Lefty reaches accomplishment in 292 innings, moving ahead of Kimbrel's 305
By Robert Bondy
CINCINNATI -- Reds closer Aroldis Chapman struck out five in Sunday's 5-3 loss to the Indians, with his last putting him as the fastest pitcher to 500 career strikeouts in MLB history.
Chapman struck out pinch-hitter Giovanny Urshela on a full-count 97-mph fastball with the bases loaded in the 10th inning to reach the milestone. It took him only 292 innings to reach the 500-strikeout feat, shattering the previous record of 305 innings by Padres pitcher Craig Kimbrel.
"I feel happy, I feel proud, I feel great," Chapman said through translator Tomas Vera. "You have to feel like that. I feel really proud and happy how my career has gone, all the achievements I have the last few years. Then you sit down and think about that, and you feel great."
Chapman pitched a season-high two innings on Sunday after the Reds scored in the ninth to force extra innings. He gave up two hits and one walk, throwing a career-high 44 pitches.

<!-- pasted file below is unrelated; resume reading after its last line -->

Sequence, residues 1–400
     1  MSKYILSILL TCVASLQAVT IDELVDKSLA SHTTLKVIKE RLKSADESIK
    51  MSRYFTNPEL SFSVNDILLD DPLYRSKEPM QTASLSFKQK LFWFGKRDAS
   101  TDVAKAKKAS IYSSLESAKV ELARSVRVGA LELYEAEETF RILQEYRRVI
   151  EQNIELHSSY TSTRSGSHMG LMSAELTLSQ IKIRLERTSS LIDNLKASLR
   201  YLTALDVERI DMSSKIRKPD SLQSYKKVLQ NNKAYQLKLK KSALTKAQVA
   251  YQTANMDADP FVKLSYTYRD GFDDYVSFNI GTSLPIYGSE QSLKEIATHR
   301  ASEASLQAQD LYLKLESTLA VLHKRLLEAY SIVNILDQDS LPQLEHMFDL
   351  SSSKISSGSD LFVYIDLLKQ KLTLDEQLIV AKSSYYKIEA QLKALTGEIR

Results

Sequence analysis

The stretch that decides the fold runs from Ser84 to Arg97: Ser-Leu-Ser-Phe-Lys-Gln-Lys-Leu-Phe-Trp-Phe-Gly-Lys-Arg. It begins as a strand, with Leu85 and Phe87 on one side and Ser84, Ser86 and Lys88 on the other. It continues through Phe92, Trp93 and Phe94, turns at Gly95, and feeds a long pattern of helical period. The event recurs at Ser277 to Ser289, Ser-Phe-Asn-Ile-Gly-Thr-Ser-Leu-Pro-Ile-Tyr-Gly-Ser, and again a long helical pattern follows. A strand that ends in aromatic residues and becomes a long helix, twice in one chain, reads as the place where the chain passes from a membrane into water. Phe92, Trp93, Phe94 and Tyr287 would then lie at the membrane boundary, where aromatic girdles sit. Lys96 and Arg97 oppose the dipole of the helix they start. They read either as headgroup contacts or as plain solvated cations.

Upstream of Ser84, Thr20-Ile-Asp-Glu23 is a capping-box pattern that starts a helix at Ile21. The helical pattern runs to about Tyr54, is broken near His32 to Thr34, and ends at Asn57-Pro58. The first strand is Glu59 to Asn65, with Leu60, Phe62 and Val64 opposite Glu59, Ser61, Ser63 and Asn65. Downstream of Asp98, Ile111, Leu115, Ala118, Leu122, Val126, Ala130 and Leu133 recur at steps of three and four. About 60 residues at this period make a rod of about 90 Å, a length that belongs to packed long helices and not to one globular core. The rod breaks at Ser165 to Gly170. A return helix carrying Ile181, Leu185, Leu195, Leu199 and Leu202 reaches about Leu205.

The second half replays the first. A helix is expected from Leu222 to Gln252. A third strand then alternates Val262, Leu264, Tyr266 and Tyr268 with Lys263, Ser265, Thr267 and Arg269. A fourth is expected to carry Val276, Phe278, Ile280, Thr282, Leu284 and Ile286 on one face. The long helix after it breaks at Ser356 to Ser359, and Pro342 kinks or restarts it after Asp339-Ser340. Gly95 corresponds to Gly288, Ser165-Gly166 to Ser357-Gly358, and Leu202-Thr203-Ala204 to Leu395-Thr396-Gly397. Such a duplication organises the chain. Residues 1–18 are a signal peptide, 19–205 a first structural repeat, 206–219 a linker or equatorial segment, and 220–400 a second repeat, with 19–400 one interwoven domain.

Chapman's march to 500 strikeouts began in his Major League debut with the Reds, back on Aug. 31, 2010, against the Brewers with a strikeout of Jonathan Lucroy.
Chapman said he wasn't aware of the milestone when he was on the mound Sunday, but he was told afterward in the dugout.
"I don't keep up with the stats," Chapman said. "We don't do that, we don't check out on how many strikeouts you have or any other kind of stuff. You don't know anything until after the fact. When I got back to the bench, my teammates and my trainer told me I had 500, that's when I knew. I don't look for those things."
Like a number of other Reds players, Chapman has been mentioned in some trade rumors and could be moved out of town before the July 31 non-waiver Trade Deadline. Chapman said he is aware that his days with Cincinnati could be numbered, but he is focused on just what he can control right now.
"Of course you hear everything, you hear this," Chapman said. "This is not the first year that this thing happened. It happened in the past, last year, but this year is a little more than in the past, off course. But you know what? That's something I don't control, something that's out of my hands. If it happens, it happens. You've got to move forward. If not, I'm here with my teammates, I'm here where I want to be."
Robert Bondy is an associate reporter for MLB.com. This story was not subject to the approval of Major League Baseball or its clubs.